World's Second Tallest Roller Coaster Shut Down Permanently After Woman Hit on Head by Metal Bracket
Ride was "constantly breaking down."
The ride has come to an end for the world's second-tallest rollercoaster, which has been permanently shuttered after it produced a piece of flying metal that seriously injured a bystander. On Tuesday, Cedar Point park in Ohio announced it would close the 420-foot-tall Top Thrill Dragster, which has been sitting idle for a year after the accident. Read on to find out what happened, what it was like to ride the coaster—which at one point was the world's tallest—and which amusement park can boast the world's new #2.
In August 2021, an L-shaped metal bracket about the size of a hand flew off the coaster and struck Rachel Hawes, 45, as she was waiting to board the ride. She was hospitalized in intensive care and suffered a serious brain injury, her family said. A five-month state investigation cleared the amusement park—it found no evidence that the park acted illegally or had reason to believe the ride was unsafe. But the ride has been closed since the accident. About 18 million guests rode the ride, which sent riders in the air at a speed of 120 miles per hour in just under 4 seconds, the Akron Beacon Journal reported.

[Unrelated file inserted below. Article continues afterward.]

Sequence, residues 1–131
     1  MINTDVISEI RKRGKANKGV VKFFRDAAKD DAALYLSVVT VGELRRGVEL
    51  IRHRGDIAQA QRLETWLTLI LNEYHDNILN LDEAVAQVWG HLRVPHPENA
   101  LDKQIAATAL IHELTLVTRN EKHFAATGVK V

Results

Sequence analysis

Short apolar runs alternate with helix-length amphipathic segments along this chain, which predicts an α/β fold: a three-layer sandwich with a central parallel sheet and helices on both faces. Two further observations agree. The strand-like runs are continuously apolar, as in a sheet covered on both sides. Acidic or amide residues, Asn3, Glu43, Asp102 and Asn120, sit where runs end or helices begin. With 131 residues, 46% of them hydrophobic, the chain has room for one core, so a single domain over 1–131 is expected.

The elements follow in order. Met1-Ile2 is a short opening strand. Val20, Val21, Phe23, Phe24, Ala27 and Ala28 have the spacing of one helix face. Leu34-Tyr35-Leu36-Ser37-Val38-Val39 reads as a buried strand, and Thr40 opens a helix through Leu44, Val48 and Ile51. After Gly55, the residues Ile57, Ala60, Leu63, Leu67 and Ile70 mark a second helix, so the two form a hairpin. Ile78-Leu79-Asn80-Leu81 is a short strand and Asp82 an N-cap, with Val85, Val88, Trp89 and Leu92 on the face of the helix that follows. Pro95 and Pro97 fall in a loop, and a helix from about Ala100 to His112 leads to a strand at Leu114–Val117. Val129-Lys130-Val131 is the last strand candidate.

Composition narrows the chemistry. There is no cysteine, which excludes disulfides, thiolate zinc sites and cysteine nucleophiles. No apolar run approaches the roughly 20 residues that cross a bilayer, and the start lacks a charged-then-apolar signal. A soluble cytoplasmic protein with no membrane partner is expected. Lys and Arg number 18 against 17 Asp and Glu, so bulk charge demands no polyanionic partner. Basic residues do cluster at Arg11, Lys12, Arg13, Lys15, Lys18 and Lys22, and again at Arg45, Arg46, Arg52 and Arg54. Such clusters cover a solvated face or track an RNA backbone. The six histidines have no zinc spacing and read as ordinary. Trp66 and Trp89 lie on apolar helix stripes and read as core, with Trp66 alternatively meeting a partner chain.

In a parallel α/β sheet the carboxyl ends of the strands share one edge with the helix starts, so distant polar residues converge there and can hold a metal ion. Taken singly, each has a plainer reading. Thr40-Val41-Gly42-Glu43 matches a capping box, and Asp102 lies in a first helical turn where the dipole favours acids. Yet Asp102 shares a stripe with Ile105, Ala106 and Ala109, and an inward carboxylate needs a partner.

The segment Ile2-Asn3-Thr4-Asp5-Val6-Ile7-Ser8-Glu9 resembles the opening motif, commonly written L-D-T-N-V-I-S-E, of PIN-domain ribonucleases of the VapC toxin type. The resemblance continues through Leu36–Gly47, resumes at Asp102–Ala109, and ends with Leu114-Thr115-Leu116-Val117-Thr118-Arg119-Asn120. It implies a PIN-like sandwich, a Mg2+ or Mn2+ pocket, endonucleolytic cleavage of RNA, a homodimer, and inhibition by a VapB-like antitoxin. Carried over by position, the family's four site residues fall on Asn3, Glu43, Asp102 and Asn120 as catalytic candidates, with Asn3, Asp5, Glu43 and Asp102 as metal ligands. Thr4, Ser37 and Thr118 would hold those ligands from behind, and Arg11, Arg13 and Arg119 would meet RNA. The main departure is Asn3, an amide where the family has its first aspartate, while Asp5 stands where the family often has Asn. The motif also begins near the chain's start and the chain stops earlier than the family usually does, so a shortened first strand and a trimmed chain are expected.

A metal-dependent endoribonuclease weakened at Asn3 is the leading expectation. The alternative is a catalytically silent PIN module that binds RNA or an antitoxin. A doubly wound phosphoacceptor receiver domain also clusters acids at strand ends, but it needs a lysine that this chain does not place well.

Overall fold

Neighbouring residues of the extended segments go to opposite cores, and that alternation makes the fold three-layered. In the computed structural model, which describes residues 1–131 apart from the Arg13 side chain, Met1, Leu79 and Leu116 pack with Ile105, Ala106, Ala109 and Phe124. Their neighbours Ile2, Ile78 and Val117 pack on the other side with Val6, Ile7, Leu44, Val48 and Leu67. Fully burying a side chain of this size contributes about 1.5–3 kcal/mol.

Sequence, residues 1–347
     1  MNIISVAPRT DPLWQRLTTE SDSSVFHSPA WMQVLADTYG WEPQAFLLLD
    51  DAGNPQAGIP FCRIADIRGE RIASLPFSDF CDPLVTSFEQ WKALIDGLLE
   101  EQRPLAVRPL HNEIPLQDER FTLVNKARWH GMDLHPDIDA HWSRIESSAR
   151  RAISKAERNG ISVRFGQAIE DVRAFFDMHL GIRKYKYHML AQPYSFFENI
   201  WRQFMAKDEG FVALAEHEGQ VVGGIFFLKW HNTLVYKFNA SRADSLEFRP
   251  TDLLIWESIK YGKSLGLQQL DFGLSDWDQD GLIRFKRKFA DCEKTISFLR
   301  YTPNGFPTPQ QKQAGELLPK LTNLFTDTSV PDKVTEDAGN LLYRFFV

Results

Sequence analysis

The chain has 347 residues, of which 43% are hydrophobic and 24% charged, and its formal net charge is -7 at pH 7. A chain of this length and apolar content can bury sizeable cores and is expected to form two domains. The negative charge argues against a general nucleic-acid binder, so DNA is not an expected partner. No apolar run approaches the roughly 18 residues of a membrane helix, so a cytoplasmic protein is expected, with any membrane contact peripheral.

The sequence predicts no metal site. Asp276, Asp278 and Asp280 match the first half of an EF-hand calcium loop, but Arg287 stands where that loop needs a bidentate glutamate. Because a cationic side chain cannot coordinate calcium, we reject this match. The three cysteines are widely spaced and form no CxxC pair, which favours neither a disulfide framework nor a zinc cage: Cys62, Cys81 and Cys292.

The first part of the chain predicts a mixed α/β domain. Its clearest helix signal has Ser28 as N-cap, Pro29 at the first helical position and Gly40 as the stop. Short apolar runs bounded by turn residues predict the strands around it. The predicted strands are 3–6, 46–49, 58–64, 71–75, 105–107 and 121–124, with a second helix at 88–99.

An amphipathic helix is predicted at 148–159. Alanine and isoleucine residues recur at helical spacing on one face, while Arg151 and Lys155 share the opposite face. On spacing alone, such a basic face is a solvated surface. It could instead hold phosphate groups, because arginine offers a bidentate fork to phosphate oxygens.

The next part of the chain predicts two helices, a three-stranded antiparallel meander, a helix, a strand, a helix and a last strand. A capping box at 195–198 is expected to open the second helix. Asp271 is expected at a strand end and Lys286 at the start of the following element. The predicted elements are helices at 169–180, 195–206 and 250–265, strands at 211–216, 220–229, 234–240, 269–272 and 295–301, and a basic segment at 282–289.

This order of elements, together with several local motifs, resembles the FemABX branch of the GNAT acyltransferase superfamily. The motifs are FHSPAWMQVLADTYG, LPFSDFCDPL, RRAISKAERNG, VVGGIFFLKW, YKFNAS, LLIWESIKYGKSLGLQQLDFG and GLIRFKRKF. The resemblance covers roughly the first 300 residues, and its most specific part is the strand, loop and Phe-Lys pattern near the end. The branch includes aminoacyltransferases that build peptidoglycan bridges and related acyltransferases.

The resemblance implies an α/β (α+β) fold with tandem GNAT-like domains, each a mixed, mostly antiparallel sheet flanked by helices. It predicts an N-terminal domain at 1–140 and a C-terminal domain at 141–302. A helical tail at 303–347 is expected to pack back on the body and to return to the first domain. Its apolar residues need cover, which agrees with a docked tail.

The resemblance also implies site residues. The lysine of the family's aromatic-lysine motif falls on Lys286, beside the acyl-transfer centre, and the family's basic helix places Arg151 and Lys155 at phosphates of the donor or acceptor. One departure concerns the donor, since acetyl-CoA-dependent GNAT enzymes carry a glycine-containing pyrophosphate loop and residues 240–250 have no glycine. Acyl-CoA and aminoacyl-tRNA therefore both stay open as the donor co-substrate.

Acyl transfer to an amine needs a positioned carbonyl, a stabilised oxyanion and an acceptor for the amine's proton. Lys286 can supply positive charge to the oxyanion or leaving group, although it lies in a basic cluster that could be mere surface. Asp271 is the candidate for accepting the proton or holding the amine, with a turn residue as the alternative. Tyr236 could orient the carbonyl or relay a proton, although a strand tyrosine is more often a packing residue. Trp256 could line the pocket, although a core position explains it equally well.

Park officials didn't attribute the ride's closure to the accident. In fact, they gave no reason for the decision, saying that the park's "legacy of ride innovation continues" in a statement. They added: "Our team is hard at work, creating a new and reimagined ride experience." It said more details about its plans would be disclosed in the future. "After 19 seasons in operation with 18 million riders experiencing the world's first strata coaster, Top Thrill Dragster, as you know it, is being retired," tweeted Tony Clark, the director of communications at Cedar Point.
When the Dragster opened in 2003 at a cost of $25 million, it was the world's tallest rollercoaster. The Detroit Free Press reports it "attracted long lines, in part because it was the thrill of a lifetime, but also because it was constantly breaking down — not so much that it put people in danger, but cars would race up the track at more than 100 mph and, at the summit, it stalled and fell back to Earth." In 2005, the Dragster yielded its tallest-coaster title to Kingda Ka at Six Flags in Jackson Township, New Jersey.
In the Free Press, writer Frank Witskil described what it was like to ride the Top Thrill Dragster, saying it "worked like a slingshot. Hydraulic pressure shot you down a half-mile track, tipped you over the top and sent you racing down the other side. It would take you to 120 mph in 4 seconds and directly up 420 feet … It went so fast, if you sat in the coaster's front car, it would blow your contacts right out of your eyes."
The closure makes a roller coaster in Barcelona, Spain, the world's second tallest, but it will lose that title in less than a year. Red Force at Ferrari PortAventura features a 356-foot drop and goes from 0 to 112 mph in five seconds. In 2023, the world's second tallest coaster will be … Kingda Ka, the current #1. It will be supplanted at the top by the opening of Falcon's Flight at Six Flags Qiddiya in Saudi Arabia, which will boast a 525-foot summit.